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Island Steamers is OK! I have long hoped for a book devoted to the steamers which sailed to Martha's Vineyard and Nantucket. Messrs. Morris and Morin have given us such a book in Island Steamers. To see it reviewed as "a pleasant blend," "cocktail table fare," and "easy entertainment" (SH IO, 39) seems short shrift for a fine effort. ROBERT S. FORBES Newark, Delaware

We also believe this to be a valuable and engaging book, and all of us including the reviewer wish its qualities had been better brought out in this review.-ED Unafraid of Challenge I'm very interested in supporting historic ships. At this point, I haven't the money for donations. In time, I will. I am sending yo u photos of some of my paintings of ships that I have studied . I do not plan on stopping-they are goi ng to get better. I hope in time you will find some work for me to do, to help historic ships. The tall ships-the ships of the ages-are close to my heart, so I'm not afraid of the challenges you may have to offer. CAROLYN POLIONI Livermore, Calif.

Here are Carolyn and her painting of the Westward.-ED.

generously the fruits of his research; he certainly broadened my horizons. Best wishes for the success of this venture. ANDREW J. NESDALL Waban, Massachusetts In Whose Wake? I was all set to sign on for your voyage. Then I noticed your appeal: "We sail in the wake of men before our time." Men? It's too bad when a heritage is interpreted by a mentality that ignores women who have sai led our ships, and all who sail them now. ANN LURIE BERLIN New York, New York

Mary Patton took command of the clipper Neptune's Car when her husband the skipper was unable to carry on in a tough Cape Horn passage; Joanna Colcord, brought up in a Down Easter in the Cape Horn trade, became our leading scholar of sea songs. But note the sex ratio in the letter below! We thought of saying "in the wake of people" but -does it say the same thing?-ED There are about 115 of us old sailors fortunate to be able to live at the new Sailors' Snug Harbor here, which moved from New York a few years back. Four

Sf •\ HISTORY

Lyman's Genius a nd Legacy To the Editor: News that you are bringing out a memorial editon of John Lyman's Log Chips is welcome indeed. I was one of the small group of charter subscribers thirty years ago to a publication unlike anything I had seen before. Here, in the simplest possible formal, was a cornucopia of scholarly articles, all written by the editor and publisher, and, as he once gratefully acknowledged, cranked out on a mimeograph machine by his wife. The lists of ship launchings are particularly valuable and useful and not obtainable elsewhere. John's geniut> and legacy are in Log Chips, his only published work in the marine field that I know of, except for a list of West Coast-built sailing vessels which he compiled and which was printed originally in Americana and later by the San Diego Historical Society. I shall always be grateful to John for sharing so SEA HISTORY, WINTER 1979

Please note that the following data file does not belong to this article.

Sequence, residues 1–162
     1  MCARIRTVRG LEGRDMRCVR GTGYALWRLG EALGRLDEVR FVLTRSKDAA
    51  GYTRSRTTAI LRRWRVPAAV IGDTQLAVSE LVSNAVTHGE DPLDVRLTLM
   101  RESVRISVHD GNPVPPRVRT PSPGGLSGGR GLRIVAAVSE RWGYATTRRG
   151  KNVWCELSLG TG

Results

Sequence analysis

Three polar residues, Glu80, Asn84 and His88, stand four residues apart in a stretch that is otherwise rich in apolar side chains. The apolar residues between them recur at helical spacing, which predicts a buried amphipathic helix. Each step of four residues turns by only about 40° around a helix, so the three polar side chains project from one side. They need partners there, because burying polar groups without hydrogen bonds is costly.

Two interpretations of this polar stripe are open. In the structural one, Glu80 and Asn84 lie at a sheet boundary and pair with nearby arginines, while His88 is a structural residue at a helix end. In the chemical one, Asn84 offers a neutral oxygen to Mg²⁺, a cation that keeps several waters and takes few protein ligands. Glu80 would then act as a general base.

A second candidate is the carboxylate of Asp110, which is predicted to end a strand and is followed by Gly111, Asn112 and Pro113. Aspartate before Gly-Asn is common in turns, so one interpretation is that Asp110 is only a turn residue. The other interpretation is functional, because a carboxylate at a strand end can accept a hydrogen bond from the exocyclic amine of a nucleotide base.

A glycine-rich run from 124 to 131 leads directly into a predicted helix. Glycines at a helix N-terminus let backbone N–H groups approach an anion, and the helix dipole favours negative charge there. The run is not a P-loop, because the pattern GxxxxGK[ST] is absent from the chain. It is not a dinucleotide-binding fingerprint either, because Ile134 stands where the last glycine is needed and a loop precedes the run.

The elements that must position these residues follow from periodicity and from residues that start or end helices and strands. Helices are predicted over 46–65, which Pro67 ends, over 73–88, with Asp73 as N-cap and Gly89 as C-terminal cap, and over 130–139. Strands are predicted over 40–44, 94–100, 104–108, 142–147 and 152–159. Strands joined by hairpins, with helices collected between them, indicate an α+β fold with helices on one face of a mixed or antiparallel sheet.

of them are women who sailed in the steward's department aboard ship. One fellow celebrated his IOOth birthday last April, and several in their eighties and nineties recall the call on sailing ships. Many of us are Johnnycome-latelies in our sixties and seven ties who sai led in engine and boiler rooms, shoveling coal and oiling up-and-down (reciprocating) engines. And some of us love to hear old sea chanties. So I have enclosed orders for the X Seamen's booklet of sea songs, and their record "Heart of Oak . ' JAMES MONROE STARK Sailors' Snug Harbor Sea Level, North ¡Carolina For Want of a TrunneI ... As a retired professional model builder, I am working with the Mariners Museum of Newport News, Virginia, on a project to collect and put into book form as well as on microfilm, all the information we can get on the lesser-known items carried and used aboard ship in the past two hundred years: blocks, ship's lights, anchors and the like . One fine little book that came out several years ago is John Kochiss's histo ry of deadeyes as made in Lunenberg, Nova Scotia (where this art survives today). All the gear that goes to

Come Sail with Us!

Every issue of SEA HISTORY takes you on a voyage of discovery in the wide world of our seafaring heritagea voyage full of challenge and reward.

Sign on today ... and help keep alive the ships, disciplines and arts of our voyaging pastand stay in touch with others who care. To: National Maritime Histo rical Society 2 Fulton Street, Brooklyn, NY 11201 I want to help your work and receive your quarterly journal SEA HISTORY . Enclosed are my dues as: D $10 Regular D $1,000 Sponsor D $100 Patron D $5 Student/ Retired

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Sea History 013 - Winter 1978-1979  

9 EAST RIVER: OF TIME AND TIDE, Peter Stanford • 12 A DREAM OF TALL SHIPS IN SOUTH STREET • 13 THE SCHOONER BERTA PUTS TO SEA, Francis Bowke...

Sea History 013 - Winter 1978-1979  

9 EAST RIVER: OF TIME AND TIDE, Peter Stanford • 12 A DREAM OF TALL SHIPS IN SOUTH STREET • 13 THE SCHOONER BERTA PUTS TO SEA, Francis Bowke...

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